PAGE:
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I have following devices I want to network.

1> Modem (Regular dsl modem)

2> A gateway for internal LAN (Corp datacenter)

3> A standalone server

I want to connect 1 -> 2 and 1-> 3

And I have multiple static IPs. I want one IP for #3 and a few for #2.

So what do I need between 1, 2 and 3? A router? Or some type of switch will do? Or do I need another type of modem?

Sorry for asking such a dumb question but I am developer and doing sys admin task here.

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closed as off-topic by TheCleaner, mdpc, Ward, Tom O'Connor Aug 30 '13 at 7:12

This question appears to be off-topic. The users who voted to close gave this specific reason:

  • "Questions seeking product, service, or learning material recommendations are off-topic because they tend to become obsolete quickly. Instead, describe your situation and the specific problem you're trying to solve." – TheCleaner, mdpc, Ward, Tom O'Connor
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4 Answers

up vote 3 down vote accepted

For a situation like this I would buy a small corporate firewall like a Netscreen SSG5. I would then configure it so that the firewall had a 'DMZ' security zone, and put the server into the DMZ. Then I would configure a MIP (mapped IP) from the 'untrust' (internet) zone to the DMZ zone. The firewall would then pass traffic from the MIP through to the server. You can pass all traffic through, or you can set up policies to only pass particular traffic through (ie only http and/or ssh, or whatever). This can be repeated for each IP you want to map back to the server.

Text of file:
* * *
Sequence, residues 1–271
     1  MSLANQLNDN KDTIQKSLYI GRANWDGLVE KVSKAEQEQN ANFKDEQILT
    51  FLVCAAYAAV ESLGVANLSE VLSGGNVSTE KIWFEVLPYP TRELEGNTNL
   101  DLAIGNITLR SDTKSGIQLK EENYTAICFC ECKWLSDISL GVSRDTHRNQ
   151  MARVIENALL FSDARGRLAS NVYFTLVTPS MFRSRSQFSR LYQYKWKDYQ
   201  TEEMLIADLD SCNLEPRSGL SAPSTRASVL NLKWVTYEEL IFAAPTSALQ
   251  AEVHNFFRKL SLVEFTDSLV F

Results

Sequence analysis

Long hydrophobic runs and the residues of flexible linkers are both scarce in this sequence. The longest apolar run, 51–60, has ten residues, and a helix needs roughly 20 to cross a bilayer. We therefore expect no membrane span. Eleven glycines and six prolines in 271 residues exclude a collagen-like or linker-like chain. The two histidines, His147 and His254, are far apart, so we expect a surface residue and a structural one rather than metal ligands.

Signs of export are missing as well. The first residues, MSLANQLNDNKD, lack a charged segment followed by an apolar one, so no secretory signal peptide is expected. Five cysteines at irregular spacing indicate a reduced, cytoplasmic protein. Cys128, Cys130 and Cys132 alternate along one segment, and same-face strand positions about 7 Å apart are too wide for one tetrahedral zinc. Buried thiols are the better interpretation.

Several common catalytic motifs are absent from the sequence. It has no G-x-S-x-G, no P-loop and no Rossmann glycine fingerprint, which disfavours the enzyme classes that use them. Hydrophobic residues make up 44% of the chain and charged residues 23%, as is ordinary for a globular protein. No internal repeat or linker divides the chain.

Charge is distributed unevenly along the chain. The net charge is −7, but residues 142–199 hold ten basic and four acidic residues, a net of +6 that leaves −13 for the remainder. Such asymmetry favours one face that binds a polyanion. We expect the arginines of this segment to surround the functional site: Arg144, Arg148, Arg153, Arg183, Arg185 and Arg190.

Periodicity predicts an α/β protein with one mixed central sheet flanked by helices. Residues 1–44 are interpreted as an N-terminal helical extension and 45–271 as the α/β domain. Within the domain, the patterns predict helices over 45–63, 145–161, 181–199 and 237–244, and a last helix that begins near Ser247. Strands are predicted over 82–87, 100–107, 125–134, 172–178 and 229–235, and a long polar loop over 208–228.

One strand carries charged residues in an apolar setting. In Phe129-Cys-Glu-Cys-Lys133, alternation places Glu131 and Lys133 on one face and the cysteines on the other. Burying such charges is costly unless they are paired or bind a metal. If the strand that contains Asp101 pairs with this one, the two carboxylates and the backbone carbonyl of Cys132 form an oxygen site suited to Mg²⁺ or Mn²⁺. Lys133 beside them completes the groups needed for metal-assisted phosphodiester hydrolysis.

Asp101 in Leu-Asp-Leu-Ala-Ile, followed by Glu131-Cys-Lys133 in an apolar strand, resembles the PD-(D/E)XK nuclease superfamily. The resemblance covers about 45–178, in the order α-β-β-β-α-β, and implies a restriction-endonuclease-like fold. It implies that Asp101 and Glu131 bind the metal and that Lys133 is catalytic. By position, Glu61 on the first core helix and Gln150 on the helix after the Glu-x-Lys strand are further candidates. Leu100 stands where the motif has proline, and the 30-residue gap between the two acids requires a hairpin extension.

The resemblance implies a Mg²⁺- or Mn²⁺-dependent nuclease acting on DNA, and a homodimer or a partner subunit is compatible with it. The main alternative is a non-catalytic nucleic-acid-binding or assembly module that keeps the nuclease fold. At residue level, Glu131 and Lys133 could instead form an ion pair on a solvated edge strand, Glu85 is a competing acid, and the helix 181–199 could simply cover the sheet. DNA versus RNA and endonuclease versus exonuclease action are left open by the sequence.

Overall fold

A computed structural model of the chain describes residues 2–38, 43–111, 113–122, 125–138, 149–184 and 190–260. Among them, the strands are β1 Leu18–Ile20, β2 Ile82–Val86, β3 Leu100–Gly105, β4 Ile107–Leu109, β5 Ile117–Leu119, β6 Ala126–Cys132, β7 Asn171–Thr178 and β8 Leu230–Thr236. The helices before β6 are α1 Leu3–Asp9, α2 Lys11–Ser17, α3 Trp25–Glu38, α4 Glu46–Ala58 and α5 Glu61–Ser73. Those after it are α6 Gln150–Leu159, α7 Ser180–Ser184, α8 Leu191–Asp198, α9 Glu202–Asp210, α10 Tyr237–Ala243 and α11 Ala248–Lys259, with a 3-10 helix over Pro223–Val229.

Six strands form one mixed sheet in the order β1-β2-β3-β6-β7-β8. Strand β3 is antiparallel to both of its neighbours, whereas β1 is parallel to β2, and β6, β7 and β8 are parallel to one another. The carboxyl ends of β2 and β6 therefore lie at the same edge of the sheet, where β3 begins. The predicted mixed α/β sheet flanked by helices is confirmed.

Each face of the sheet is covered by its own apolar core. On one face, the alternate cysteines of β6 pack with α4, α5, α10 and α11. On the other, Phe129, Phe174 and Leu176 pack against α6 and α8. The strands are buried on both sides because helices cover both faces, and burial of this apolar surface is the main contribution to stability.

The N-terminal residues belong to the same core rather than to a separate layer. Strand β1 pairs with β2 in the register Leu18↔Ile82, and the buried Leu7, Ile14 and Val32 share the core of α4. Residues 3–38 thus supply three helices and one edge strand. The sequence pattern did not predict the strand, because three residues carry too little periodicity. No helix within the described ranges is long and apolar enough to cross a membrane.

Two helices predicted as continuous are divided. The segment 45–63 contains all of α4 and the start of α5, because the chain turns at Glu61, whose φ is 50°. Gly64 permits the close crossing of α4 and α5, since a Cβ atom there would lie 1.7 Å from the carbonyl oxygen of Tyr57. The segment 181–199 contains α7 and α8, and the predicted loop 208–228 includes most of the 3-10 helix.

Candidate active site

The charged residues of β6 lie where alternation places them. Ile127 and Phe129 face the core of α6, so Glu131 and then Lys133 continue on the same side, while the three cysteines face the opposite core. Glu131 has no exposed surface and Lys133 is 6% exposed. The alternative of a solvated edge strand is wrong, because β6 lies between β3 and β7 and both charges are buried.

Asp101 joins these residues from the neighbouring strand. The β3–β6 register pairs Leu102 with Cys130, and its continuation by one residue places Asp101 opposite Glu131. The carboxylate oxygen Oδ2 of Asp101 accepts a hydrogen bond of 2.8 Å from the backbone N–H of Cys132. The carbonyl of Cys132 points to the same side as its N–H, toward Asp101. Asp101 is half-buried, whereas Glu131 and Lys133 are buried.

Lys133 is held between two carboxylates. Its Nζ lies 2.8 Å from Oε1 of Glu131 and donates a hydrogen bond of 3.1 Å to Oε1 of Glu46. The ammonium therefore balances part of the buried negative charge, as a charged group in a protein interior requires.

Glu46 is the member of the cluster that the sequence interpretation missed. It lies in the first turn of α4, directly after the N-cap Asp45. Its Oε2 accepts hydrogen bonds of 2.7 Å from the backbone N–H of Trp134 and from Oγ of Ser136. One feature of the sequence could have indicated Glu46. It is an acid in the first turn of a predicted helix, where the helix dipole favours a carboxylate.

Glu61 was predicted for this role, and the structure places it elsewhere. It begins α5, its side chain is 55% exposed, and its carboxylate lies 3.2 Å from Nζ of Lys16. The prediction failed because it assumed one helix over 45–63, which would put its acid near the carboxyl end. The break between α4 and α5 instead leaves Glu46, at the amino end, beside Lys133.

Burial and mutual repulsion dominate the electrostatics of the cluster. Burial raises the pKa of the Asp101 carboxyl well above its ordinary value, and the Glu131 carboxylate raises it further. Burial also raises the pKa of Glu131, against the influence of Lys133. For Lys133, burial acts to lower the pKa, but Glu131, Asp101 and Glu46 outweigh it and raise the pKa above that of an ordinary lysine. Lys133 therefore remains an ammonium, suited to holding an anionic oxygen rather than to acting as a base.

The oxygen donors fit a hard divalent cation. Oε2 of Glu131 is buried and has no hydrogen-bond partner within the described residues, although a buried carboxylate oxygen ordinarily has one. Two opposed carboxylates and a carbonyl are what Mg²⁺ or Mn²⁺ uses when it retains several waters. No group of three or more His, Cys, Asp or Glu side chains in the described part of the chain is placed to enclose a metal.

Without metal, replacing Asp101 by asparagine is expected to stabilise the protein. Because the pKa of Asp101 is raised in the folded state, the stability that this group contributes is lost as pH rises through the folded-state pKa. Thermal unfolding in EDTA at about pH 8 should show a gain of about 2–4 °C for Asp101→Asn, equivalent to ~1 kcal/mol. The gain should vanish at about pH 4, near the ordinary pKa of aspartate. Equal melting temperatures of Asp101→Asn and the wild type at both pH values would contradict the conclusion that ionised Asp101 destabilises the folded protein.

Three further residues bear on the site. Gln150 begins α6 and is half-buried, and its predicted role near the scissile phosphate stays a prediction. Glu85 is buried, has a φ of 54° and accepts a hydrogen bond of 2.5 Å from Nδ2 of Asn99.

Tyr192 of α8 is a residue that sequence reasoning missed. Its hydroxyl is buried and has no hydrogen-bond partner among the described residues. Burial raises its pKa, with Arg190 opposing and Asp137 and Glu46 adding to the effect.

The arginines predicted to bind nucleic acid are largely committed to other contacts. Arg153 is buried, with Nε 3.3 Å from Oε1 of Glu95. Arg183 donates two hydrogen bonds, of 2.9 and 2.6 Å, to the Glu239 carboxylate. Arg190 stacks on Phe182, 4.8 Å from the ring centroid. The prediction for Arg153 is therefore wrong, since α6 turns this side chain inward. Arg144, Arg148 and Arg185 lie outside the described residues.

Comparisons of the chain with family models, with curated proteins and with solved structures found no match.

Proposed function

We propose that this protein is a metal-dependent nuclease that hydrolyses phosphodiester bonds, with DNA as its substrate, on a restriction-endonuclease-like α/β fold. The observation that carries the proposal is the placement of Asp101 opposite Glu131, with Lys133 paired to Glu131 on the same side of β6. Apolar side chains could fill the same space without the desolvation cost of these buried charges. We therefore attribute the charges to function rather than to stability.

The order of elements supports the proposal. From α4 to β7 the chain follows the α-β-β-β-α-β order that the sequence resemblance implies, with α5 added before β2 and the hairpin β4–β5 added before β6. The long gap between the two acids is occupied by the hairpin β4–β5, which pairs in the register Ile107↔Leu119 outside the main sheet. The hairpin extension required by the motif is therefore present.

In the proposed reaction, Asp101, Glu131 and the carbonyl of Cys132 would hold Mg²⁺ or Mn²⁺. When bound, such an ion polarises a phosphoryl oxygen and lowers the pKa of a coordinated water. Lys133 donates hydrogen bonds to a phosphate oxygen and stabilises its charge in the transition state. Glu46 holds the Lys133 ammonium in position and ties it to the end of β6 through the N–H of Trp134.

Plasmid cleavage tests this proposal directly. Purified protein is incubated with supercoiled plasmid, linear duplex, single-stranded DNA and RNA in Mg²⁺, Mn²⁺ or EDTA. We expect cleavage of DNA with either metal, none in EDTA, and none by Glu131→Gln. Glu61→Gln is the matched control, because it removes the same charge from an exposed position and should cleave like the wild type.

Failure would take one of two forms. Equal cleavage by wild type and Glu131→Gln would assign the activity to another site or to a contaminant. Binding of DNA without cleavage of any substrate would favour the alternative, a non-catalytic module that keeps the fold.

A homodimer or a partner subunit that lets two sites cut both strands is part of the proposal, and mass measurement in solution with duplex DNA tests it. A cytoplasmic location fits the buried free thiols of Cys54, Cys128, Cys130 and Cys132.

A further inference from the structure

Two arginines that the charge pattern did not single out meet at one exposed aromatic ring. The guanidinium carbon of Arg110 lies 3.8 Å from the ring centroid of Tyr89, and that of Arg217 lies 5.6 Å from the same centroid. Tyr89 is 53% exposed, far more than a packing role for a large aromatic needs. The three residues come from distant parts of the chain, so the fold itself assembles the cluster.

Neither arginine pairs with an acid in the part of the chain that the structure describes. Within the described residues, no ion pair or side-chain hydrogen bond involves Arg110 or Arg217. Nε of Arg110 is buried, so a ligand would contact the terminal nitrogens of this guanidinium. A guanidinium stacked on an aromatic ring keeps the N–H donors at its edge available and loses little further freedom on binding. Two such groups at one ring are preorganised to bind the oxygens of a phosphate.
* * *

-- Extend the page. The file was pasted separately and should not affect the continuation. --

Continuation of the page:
This can be done with just about any "corporate" strength firewall, for example cisco, the terms (MIPs) would be different but the theory is the same.

If you want a basic basic firewall (like a Linksys or something) and want to hang the server directly on the internet, you will probably need a second set of PPPoE credentials for the server. In that case, you can get away with a cheap switch in between the firewall, DSL modem, and server. However you need to keep a much closer eye on the server to ensure that vulnerabilities don't accumulate.

The former solution is more expensive but potentially more secure; and you will end up with a better quality firewall than a $60 Linksys.

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OpenBSD and PF. it'll do everything you want and you get to learn new stuff as you implement your solution. The gateway setup guide in the pf users manual is just awesome.

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Another option would be to go the DD-WRT Route and pay $60 for a linksys and then put your own custom firmware on there. We did this for a year or so before switching over to something like a checkpoint @home product. I think for what you want the DD-WRT custom firmware is perfect.

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A box with m0n0wall installed will do what you want. You can configure it to either route or or do 1-to-1 NAT mappings between public/private IPs.

Do report back what you try.

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